Discussion in 'Institute of Medicine (IOM) Government Contract' started by wdb, Feb 10, 2015.
Poll, how do you pronounce SEID (Systemic Exertion Intolerance
@wdb Strangely my brain had found another way to pronounce it as "Sed" or "Seyd" which was not one of your choices so I didn't vote. My guess is that no one, including doctors, will have a clue how to pronounce this word.
I'll add those
I think there is a non-silent P missing, then a quick rearrange would give: P-I-S-E-D (off)
I like seed. Then, like someone else mentioned in another thread, we can call the US advisory committee the seed sack.
I was just thinking, it's interesting how S.L.E. is reduced to either those letters (verbally spelled out as letters like M.E.), or Lupus. None of S.E.I.D. is unique enough to do as Lupus has done... I think it is better to just say the letters as we do with C.F.S., H.I.V. etc
It seems pretty common, but definitely not universal, to pronounce acronyms with vowels in the right places as words rather than spell them out.
@Min i posted that somewhere too. Or thought I did. Lol
Maybe they have done it like that on purpose.
Its a BS name anyway. Stick with ME .
"Seid" is also a given name, a variant on the Arabic sayyid, which means lord or prince.
It's the same derivation as "El Cid," the legendary military leader of medieval Spain. The pronunciation is kind of halfway between "sid" and "seed."
(You can merge the initial "s" sound with a "th" sound in a sort of lisp if you want to sound authentically Castillian.)
Perhaps an association to El Cid is appropriate in a way. He kept fighting despite a major physical impairment.
Legend has it that he lead a successful cavalry charge... after he was dead.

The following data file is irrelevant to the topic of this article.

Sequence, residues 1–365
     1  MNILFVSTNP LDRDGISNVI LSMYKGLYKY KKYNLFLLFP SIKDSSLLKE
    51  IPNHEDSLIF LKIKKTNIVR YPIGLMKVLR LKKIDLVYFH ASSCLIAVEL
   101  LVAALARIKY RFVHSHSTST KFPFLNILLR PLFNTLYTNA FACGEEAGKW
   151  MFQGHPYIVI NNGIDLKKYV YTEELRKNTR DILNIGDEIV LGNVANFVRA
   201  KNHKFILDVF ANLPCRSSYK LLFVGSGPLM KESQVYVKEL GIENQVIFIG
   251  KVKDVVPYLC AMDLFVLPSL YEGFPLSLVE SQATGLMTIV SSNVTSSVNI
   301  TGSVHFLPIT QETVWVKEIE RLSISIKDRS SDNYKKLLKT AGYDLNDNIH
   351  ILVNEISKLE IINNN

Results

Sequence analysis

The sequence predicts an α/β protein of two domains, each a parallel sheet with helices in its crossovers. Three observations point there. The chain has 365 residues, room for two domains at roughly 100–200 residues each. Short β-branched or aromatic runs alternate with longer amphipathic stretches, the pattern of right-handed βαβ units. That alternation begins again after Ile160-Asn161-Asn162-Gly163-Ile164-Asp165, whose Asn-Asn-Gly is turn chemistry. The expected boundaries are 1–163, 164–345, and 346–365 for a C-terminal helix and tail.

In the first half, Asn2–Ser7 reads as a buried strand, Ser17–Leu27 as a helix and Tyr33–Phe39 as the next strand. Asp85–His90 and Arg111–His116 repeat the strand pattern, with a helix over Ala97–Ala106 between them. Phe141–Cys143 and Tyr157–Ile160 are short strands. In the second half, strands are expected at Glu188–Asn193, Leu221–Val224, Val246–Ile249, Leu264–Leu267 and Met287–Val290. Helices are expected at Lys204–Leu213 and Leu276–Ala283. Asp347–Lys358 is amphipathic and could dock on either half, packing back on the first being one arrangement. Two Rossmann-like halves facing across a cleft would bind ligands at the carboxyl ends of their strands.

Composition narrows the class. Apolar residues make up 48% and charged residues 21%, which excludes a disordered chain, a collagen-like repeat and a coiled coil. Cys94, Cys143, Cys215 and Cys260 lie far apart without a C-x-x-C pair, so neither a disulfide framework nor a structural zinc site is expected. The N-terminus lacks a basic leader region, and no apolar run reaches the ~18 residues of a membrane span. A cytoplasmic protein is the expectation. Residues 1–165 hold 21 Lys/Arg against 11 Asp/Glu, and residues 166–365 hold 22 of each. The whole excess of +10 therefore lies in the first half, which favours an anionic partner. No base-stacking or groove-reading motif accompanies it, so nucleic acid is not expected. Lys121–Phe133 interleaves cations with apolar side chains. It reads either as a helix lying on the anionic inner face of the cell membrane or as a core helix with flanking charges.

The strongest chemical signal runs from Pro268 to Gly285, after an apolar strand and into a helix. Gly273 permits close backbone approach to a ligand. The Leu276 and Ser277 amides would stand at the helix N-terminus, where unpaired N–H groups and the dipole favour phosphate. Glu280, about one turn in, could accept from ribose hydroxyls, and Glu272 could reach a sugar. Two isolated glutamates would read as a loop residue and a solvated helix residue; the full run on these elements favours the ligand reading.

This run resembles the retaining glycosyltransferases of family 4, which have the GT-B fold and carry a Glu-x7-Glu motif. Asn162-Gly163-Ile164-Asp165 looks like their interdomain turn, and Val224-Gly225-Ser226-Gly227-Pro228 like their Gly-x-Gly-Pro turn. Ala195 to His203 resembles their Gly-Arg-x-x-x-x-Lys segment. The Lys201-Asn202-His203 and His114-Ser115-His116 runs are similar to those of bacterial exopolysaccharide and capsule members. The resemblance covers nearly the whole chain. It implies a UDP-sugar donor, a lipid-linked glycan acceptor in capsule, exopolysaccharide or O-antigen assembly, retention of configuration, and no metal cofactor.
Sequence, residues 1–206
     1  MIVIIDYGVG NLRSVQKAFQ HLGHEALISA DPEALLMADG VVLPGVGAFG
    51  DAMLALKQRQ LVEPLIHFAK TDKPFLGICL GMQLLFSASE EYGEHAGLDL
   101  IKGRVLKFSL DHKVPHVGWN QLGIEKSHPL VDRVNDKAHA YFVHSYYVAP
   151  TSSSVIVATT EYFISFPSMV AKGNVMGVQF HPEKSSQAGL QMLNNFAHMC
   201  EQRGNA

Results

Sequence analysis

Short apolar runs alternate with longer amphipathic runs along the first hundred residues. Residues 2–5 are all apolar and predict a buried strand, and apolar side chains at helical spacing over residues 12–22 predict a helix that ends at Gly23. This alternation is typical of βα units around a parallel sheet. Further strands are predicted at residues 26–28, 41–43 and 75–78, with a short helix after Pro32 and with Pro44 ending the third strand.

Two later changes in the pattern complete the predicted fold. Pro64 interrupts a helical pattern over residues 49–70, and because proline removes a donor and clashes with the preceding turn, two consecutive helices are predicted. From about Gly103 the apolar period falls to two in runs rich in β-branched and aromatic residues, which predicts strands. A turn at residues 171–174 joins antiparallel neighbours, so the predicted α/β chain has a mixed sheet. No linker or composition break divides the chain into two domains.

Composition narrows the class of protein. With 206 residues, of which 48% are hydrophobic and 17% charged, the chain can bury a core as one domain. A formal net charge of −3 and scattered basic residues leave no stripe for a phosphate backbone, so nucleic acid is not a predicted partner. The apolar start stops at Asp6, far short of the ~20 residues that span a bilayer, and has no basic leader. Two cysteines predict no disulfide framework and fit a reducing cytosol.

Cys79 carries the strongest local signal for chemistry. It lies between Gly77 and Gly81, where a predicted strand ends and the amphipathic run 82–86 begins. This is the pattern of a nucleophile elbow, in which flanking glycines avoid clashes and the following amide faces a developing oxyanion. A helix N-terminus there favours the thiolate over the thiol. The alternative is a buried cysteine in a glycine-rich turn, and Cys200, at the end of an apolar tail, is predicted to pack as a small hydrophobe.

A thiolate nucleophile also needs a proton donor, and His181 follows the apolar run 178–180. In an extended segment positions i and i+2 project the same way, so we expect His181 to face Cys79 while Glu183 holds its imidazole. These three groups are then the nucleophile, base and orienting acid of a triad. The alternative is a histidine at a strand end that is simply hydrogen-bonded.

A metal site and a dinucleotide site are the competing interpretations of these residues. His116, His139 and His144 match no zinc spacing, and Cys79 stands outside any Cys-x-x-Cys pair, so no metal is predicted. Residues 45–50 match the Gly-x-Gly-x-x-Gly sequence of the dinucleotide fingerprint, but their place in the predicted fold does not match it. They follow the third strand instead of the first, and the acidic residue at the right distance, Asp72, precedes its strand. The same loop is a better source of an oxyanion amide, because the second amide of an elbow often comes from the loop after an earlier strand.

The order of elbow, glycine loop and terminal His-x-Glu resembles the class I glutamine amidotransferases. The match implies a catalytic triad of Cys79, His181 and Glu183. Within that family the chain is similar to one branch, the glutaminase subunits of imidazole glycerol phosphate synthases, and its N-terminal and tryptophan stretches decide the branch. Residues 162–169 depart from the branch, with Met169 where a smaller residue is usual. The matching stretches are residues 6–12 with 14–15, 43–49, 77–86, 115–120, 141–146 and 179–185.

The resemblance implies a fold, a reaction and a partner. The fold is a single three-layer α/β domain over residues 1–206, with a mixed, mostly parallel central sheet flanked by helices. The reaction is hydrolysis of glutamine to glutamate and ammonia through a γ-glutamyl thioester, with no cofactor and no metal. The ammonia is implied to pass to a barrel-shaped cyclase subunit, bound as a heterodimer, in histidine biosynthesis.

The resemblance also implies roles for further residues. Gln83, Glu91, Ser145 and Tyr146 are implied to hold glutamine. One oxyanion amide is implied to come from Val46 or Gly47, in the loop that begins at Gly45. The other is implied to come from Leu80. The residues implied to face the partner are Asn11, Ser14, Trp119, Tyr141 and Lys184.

I noticed it is also Scottish Gaelic word.
seid f (genitive seide, plural seidean or seideachan)
tympany, swelling of the body from flatulence
swelling in a person from luxurious living and deep potations
Wasting time and money thinking up innacurate and ludicrous names for a debilitating neurological illness is obviously more important than researching to find a cure.
i dont understand why they are trying to broaden the definition which will just muddy any good research. They are doing that with fibro now, ingrown toe nail and u can get a diagnosis on fibro??
I put the word SEID into a text document on my Mac, and activated the text-to-speech utility, and my Mac pronounced it as SEED (as in what plants come from).
I was trying out various pronunciation ideas, and find that esi-eye-dee flows off the tongue quite easily (that is, saying the individual letters S-E-I-D in soft and flowing way, rather than in a staccato manner).
I have been saying for years that a new name is the wrong goal. Our primary initial focus should be for a diagnostic test. Then we can define a new name.
Now while I expect the name to be hotly debated, I am more interested in the reasoning behind the other things, and what evidence they cite.
Alex, I totally agree with you and I suspect everyone else does too, that we need research and testing to find a cure and the name is less relevant.
= zombie ?
Maybe that was the goal all along. They throw us a few bones w/ the "serious disease" "real disease" talk and think everyone will be so happy about that and getting rid of CFS. But at this point, the money needs to go to research. At least they did say that. BUT what will this criteria change do to the research and building on what is already out there ? Until there is more I say stick w/ CCC !!!!!
You can also try a Google Site Search
Separate names with a comma.